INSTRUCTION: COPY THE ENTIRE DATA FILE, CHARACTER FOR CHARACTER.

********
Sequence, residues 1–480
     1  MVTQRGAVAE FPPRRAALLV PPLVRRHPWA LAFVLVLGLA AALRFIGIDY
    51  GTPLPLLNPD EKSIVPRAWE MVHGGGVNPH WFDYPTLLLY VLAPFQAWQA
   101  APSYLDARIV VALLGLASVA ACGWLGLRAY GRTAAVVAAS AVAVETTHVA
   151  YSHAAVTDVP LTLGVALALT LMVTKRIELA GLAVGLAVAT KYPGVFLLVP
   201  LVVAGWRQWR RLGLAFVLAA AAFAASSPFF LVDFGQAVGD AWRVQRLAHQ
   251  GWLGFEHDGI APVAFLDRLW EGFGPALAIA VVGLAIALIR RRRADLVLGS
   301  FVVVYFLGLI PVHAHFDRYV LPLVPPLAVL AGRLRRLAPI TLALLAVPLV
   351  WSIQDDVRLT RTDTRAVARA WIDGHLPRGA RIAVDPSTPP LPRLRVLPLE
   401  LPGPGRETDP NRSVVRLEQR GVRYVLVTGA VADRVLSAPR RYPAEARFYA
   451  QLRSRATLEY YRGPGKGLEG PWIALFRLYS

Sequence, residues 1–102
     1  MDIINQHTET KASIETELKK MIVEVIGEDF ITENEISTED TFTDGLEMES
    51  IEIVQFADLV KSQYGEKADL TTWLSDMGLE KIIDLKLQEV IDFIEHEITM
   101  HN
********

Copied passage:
Sequence, residues 1–480
     1  MVTQRGAVAE FPPRRAALLV PPLVRRHPWA LAFVLVLGLA AALRFIGIDY
    51  GTPLPLLNPD EKSIVPRAWE MVHGGGVNPH WFDYPTLLLY VLAPFQAWQA
   101  APSYLDARIV VALLGLASVA ACGWLGLRAY GRTAAVVAAS AVAVETTHVA
   151  YSHAAVTDVP LTLGVALALT LMVTKRIELA GLAVGLAVAT KYPGVFLLVP
   201  LVVAGWRQWR RLGLAFVLAA AAFAASSPFF LVDFGQAVGD AWRVQRLAHQ
   251  GWLGFEHDGI APVAFLDRLW EGFGPALAIA VVGLAIALIR RRRADLVLGS
   301  FVVVYFLGLI PVHAHFDRYV LPLVPPLAVL AGRLRRLAPI TLALLAVPLV
   351  WSIQDDVRLT RTDTRAVARA WIDGHLPRGA RIAVDPSTPP LPRLRVLPLE
   401  LPGPGRETDP NRSVVRLEQR GVRYVLVTGA VADRVLSAPR RYPAEARFYA
   451  QLRSRATLEY YRGPGKGLEG PWIALFRLYS

Sequence, residues 1–102
     1  MDIINQHTET KASIETELKK MIVEVIGEDF ITENEISTED TFTDGLEMES
    51  IEIVQFADLV KSQYGEKADL TTWLSDMGLE KIIDLKLQEV IDFIEHEITM
   101  HN